The accuracy of pre-operative imaging in the management of hepatic cysts.
BACKGROUND: Biliary cystic tumours (BCT) [biliary cystadenoma (BCA) and cystadenocarcinoma (BCAC)] warrant complete resection. Simple liver cysts (SLC) require fenestration when symptomatic. Distinguishing between BCT and atypical SLC with pre-operative imaging is not well studied. METHODS: All patients undergoing surgery for a pre-operative suspected SLC or BCT between 1992 and 2014 were included. Peri-operative data were retrospectively reviewed. A blind radiological review of pre-operative imaging was performed. RESULTS: Ninety-four patients underwent fenestration (n = 54) or complete excision (n = 40). Final pathology was SLC (n = 74), BCA (n = 15), BCAC (n = 2) and other primary malignancies (n = 3). A frozen section (FS) was performed in 36 patients, impacting management in 10 (27.8%) by avoiding (n = 1) or mandating a liver resection (n = 9). Frozen section results were always concordant with final pathology. Upon blind review, a solitary lesion, suspicious intracystic component, septation and biliary dilatation were associated with BCT (P < 0.05). Diagnostic sensitivity was high (87.5-100%) but specificity was poor (43.1-53.4%). The diagnostic value of imaging was most accurate when negative for BCT (negative predictive value: 92.5-100%). CONCLUSION: Radiological assessment of hepatic cysts is relatively inaccurate as SLC frequently present with concerning features. In the absence of a strong suspicion of malignancy, fenestration and FS should be considered prior to a complete resection.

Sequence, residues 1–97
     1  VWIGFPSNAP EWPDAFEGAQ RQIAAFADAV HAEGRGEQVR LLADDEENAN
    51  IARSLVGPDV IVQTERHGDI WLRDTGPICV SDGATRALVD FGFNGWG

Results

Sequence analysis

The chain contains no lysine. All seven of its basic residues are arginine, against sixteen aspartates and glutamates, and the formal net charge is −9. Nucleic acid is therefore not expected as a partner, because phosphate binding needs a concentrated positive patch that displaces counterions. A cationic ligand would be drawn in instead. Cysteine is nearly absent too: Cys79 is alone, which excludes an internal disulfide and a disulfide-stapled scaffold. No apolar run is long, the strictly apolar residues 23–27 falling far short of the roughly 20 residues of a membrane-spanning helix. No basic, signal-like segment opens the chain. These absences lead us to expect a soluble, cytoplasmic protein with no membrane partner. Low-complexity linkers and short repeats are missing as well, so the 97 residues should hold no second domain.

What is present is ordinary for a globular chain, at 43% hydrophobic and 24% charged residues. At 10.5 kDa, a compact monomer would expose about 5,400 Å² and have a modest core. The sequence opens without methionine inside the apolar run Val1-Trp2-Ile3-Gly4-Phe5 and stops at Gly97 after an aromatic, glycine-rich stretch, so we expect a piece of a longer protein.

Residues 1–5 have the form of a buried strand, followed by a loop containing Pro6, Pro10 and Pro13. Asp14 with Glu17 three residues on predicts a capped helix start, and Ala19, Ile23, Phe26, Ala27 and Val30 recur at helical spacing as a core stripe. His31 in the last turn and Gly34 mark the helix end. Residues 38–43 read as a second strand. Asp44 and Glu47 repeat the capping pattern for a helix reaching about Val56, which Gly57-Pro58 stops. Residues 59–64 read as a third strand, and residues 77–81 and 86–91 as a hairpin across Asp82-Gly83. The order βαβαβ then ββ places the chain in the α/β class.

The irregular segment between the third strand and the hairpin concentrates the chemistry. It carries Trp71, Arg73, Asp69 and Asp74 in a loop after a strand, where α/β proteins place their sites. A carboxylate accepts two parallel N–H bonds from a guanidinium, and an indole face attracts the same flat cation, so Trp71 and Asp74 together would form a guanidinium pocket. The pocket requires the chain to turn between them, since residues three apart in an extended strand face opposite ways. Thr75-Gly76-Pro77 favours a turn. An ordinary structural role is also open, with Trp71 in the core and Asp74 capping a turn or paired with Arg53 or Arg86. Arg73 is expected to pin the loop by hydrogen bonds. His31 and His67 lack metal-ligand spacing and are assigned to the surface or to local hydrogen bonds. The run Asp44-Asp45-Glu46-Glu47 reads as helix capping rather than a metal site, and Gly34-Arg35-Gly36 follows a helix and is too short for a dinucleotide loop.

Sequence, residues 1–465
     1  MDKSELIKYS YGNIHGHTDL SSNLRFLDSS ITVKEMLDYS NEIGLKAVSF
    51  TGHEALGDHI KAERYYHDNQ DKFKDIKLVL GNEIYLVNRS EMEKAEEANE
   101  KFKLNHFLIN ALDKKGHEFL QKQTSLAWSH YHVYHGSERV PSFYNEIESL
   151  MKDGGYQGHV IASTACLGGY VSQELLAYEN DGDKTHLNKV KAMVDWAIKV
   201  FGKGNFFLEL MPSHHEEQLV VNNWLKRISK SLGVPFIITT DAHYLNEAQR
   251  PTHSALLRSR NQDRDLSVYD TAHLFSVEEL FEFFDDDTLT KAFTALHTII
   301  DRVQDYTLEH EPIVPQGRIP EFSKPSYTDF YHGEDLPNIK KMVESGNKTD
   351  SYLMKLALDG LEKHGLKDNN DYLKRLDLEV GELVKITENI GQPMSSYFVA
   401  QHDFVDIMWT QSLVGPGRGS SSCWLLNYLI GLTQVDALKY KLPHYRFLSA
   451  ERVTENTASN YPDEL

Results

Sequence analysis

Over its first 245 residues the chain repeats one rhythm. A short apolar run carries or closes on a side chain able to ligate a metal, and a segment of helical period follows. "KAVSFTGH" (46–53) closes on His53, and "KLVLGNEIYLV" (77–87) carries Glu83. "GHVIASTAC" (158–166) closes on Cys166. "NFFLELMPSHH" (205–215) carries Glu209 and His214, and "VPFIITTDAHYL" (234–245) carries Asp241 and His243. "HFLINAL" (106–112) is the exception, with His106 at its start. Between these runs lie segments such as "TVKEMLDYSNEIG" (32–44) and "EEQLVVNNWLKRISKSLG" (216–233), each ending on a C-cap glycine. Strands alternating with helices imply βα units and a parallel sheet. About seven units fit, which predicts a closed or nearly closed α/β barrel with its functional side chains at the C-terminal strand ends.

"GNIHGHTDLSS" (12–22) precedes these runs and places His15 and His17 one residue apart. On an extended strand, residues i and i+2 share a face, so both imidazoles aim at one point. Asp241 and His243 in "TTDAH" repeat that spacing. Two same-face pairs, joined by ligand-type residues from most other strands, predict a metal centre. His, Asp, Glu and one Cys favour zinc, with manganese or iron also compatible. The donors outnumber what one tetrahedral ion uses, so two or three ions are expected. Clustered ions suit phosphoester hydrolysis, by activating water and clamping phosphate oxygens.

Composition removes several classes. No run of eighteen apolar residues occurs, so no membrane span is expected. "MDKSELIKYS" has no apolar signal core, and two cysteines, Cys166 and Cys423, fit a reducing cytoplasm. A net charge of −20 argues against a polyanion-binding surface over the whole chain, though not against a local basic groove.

Doussot, A; Gluskin, J; Groot-Koerkamp, B; Allen, PJ; De Matteo, RP; Shia, J; Kingham, TP; Jarnagin, WR; Gerst, SR; D'Angelica, MI
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